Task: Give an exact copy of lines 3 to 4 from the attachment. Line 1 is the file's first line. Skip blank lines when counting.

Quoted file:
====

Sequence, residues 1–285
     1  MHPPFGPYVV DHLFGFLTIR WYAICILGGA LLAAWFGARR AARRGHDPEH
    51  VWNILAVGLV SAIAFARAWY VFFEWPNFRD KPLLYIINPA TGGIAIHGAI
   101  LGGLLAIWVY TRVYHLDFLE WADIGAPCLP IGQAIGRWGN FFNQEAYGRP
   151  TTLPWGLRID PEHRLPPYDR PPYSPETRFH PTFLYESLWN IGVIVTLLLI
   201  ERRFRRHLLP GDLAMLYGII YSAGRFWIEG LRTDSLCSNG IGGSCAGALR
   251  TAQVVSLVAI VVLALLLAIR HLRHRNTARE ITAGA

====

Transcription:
    51  VWNILAVGLV SAIAFARAWY VFFEWPNFRD KPLLYIINPA TGGIAIHGAI
   101  LGGLLAIWVY TRVYHLDFLE WADIGAPCLP IGQAIGRWGN FFNQEAYGRP